Updated: January 7, 2015 11:21:53 am
It was 1971. In dimmed concert halls across the country, some of the most accomplished artistes such as Kishori Amonkar, Pandit Bhimsen Joshi and Pandit Ravi Shankar were delivering class acts. These were not just concerts. At least not to the thousands who managed to get tickets. The musicians were at the peak of their careers and classical music was never more upmarket. Around the same time, HMV brought out a recording — a chhota khayal in raag Maru Bihag — by a relatively unknown vocalist named Prabha Atre.
Known until now only as the legendary Hirabai Barodekar’s reticent student, who accompanied her during her concerts, Atre had a strong and well-cultivated voice. At age 43, this was her own composition. A piece in a relatively modern raag, with only a taanpura, a tabla and a high-pitched peti being played along, the crafty bandish had all proportions in place. It echoed the cadence of the legendary Ustad Amir Khan. It was a career-defining moment for the science and law graduate. Even illustrious.
“The piece became famous. Every concert I performed after that, people requested it. It suited my temperament and style. I had learnt the system from the gurus. Now it was time to evolve and compose. I wanted to do that on my own. Spontaneity needs to be one’s own,” says Atre, over a telephone conversation from her Mahim apartment in Mumbai.
Her sentences are short, her phrases crisp, but the reverberations are potent, like the striking eloquence of her gayaki. The 82-year-old headlined this year’s Sawai Gandharva Mahotsav — one of the biggest and the most prestigious music festivals in the country. The festival’s founder and cardinal pillar, Pandit Bhimsen Joshi passed away in 2011. Since 2006, when Pandit ji fell ill, it was Atre in every finale. “It’s quite a responsibility and honour,” says Atre. Despite her excellence and seniority, there was opposition from other artistes because she brought changes to the presentation of sargam (a set of notes) in a raga as distinct musical material besides aalaap, bols and taan. “If you are confident, if you’ve thought it through, keeping in mind the rules taught to you, you have to evolve. One needs to move forward with tradition,” says Atre.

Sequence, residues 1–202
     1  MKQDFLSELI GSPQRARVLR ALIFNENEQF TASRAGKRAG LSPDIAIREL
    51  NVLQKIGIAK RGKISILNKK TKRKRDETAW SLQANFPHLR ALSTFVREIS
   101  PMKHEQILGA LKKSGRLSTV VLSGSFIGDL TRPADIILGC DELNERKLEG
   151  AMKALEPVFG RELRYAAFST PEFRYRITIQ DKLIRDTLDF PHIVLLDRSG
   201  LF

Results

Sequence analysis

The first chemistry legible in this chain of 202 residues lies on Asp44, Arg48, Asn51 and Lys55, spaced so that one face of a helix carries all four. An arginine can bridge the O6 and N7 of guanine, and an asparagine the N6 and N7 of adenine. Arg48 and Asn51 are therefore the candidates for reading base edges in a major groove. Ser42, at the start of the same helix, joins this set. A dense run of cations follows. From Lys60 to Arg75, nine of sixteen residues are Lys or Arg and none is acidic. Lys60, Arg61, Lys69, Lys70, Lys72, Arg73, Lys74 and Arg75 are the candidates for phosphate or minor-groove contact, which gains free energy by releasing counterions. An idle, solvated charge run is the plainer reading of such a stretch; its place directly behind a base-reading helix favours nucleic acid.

Growing up in Pune with parents who were teachers, raagas and riyaz were fancy worlds and Bollywood music “not healthy”. For Atre, music happened by accident. Her mother fell sick and “soon went into a brooding mode.” This is when a harmonium guru was employed to keep her mind off the illness. She quit after three-four lessons; Atre continued. In her teens, she went on to learn from Sureshbabu Mane and later from Barodekar. “I would have been dissecting frogs otherwise. Singing is a better option I think,” says Atre, who also acknowledges the influence of Khan and Bade Ghulam Ali Khan, which equipped her in other semi-classical genres such as thumri, daadra and ghazal, a rarity in the system. “I just couldn’t be the serious classical singer only. I enjoyed thumri a lot,” says Atre, who has written books on classical music, its analytical thinking and presentation. Her book, Enlightening the Listener — Contemporary North Indian Classical Vocal Music Performance (Coronet Books Inc.; Har/Cas edition (2000),
is famous with foreign students, who want to understand the finer details of classical music.
Despite the famous HMV-recorded Maru Bihag that made her a known name in the circuit, many concerts with precise grammar and technique, and a senior position at All India Radio, Atre is perhaps the least recorded artiste of her stature. “It’s all my fault. I just kept postponing it because I was busy with the sadhana of it, writing books and teaching. I kept myself away from recording for Akashvani and Doordarshan. It just was more comfortable that way. Now, it doesn’t really matter. I’m still singing. Aren’t I?” giggles Atre. Just like that shy teenager who accompanied Barodekar, one who was to surprise the world with her originality.
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